Other times, this fascination is derived from scandal and gossip. This was definitely the case in the years following Janet Smith’s murder. Newspapers across Vancouver latched onto gossip and rumours, sensationalizing the case in tabloid-like journalistic tactics. The gossip even made international headlines, watering down actual facts in favour of the glitz and glamour of the rumours. Many people didn’t particularly care about what actually happened to Janet Smith – they cared about the swirling gossip surrounding Vancouver’s elite and affluent.

It would seem that no one is 100% certain as to what happened to Janet Smith. However, two things are blatantly clear: 1) Janet Smith was murdered, and; 2) A lot of money and influence was thrown around to make her murder go away.

We still don’t have an answer to the question of who killed Janet Smith. And that’s what’s most frustrating. We’re left with speculation and theories. This isn’t enough for me. Due to entitlement and elitism in 1924 (entitlement and elitism that is still rampant to this day), one woman will go down as one of Canada’s most infamous unsolved murders. Someone believed themselves to be above the law, and made efforts to get away with murder. This event may have occurred in 1924, but it still remains as a dark spot in Canadian policing history.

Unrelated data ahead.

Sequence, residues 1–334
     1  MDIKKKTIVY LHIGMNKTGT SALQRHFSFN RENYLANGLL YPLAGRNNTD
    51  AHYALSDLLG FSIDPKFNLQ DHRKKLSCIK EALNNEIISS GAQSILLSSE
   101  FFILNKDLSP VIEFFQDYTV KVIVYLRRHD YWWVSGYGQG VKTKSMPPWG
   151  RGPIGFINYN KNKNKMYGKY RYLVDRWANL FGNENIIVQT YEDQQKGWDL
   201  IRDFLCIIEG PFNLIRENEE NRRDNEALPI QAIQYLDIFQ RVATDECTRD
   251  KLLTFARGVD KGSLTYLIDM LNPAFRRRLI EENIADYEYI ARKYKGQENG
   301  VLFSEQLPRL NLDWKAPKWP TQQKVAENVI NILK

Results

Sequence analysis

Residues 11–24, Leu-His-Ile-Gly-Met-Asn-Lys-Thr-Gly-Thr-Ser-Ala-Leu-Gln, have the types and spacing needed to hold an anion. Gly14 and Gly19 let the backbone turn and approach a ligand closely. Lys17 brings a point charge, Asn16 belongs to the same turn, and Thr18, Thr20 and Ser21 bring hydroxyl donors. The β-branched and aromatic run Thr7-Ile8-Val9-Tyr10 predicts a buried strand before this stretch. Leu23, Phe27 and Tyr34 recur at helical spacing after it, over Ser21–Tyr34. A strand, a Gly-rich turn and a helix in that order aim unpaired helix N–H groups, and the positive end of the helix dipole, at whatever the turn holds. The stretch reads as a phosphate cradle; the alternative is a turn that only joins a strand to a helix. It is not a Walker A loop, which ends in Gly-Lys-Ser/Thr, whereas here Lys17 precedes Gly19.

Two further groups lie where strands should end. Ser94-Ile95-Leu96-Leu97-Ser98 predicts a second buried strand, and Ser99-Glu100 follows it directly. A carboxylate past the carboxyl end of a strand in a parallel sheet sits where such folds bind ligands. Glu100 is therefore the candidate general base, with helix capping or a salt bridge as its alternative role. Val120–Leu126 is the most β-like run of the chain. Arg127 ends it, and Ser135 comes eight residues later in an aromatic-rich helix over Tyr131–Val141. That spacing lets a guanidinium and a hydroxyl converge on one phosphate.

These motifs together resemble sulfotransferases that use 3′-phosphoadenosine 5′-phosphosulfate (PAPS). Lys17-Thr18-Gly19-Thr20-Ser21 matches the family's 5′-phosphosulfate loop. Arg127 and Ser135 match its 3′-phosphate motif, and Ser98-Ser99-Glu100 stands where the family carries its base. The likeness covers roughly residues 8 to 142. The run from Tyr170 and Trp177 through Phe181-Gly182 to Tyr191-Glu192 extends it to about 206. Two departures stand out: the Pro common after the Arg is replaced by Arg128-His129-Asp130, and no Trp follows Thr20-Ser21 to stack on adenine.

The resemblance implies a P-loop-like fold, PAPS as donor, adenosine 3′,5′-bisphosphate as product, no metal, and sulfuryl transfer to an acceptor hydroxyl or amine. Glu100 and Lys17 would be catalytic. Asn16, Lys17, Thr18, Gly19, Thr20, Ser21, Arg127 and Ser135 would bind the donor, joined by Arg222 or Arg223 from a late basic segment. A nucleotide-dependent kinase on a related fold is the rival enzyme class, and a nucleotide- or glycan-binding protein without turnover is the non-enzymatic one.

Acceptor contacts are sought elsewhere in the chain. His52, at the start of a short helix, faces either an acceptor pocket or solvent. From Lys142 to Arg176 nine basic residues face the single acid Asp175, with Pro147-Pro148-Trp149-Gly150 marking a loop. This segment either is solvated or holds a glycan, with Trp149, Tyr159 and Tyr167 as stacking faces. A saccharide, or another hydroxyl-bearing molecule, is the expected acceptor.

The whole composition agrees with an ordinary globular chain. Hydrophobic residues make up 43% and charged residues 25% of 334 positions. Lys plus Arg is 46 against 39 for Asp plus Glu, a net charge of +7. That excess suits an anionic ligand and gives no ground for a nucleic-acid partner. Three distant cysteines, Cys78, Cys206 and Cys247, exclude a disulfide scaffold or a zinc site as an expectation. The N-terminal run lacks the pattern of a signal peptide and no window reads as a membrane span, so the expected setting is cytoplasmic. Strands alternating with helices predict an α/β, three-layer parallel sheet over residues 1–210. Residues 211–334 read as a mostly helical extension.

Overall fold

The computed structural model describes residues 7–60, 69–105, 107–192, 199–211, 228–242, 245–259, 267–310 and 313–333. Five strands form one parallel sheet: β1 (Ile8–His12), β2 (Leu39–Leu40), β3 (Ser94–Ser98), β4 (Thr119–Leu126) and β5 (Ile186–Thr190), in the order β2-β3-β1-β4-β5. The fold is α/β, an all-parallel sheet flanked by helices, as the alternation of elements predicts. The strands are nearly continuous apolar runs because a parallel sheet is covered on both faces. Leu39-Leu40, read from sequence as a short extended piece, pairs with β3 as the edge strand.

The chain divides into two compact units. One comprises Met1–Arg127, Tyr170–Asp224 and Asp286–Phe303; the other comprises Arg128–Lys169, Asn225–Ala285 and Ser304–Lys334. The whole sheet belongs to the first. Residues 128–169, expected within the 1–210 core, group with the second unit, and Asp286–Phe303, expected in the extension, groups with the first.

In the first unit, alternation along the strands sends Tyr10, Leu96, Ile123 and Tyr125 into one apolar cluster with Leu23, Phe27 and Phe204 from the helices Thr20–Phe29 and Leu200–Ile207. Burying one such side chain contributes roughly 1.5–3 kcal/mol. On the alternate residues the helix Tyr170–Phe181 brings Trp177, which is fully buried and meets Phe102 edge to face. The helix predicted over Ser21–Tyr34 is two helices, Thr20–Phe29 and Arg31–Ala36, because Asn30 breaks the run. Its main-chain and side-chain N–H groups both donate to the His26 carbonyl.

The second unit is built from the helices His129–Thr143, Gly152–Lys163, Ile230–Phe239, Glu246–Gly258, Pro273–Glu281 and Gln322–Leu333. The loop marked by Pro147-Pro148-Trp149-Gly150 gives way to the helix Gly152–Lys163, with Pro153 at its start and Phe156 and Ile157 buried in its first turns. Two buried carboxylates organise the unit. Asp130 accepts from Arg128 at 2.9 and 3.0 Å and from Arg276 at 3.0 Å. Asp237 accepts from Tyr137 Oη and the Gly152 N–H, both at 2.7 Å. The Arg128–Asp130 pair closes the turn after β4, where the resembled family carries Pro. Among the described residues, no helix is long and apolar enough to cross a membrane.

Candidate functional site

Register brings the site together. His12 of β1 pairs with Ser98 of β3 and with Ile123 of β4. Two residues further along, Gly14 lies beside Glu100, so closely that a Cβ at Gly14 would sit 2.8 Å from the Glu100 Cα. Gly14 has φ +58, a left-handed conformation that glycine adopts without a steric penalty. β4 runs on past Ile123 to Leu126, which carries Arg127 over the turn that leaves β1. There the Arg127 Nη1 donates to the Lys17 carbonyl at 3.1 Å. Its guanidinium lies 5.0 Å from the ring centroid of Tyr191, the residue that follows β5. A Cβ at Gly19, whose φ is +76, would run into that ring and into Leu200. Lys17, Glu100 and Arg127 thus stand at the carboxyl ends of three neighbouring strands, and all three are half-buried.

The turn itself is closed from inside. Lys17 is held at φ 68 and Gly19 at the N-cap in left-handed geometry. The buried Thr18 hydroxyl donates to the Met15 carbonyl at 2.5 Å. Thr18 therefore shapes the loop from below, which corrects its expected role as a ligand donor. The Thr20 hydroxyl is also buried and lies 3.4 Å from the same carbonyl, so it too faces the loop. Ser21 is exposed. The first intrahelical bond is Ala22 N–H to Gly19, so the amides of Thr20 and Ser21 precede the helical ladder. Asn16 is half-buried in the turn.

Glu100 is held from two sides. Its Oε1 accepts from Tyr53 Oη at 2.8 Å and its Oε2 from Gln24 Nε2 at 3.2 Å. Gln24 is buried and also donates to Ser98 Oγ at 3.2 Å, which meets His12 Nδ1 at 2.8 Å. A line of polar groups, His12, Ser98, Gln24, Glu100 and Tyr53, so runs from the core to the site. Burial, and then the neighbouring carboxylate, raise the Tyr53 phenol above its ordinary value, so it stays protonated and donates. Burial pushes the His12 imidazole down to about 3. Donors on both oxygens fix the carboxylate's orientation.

The lack of care taken with the Janet Smith case establishes one thing – money and influence are more important than justice. With advances in modern policing and investigation techniques, I can only hope that this statement is not longer true. However, I remain skeptical and critical. The year is now 2017, 93 years since Janet Smith was murdered. In 1924, elitism, entitlement, and racism were rampant in the streets of Vancouver. However, all I have to do is open a newspaper to today’s news to see that public opinion hasn’t changed much. 93 years, and Canadian streets are still full of hate and inequality rooted in ignorance and entitlement. I guess we really haven’t changed much, have we?


~ by Aubrey Smith on March 22, 2017.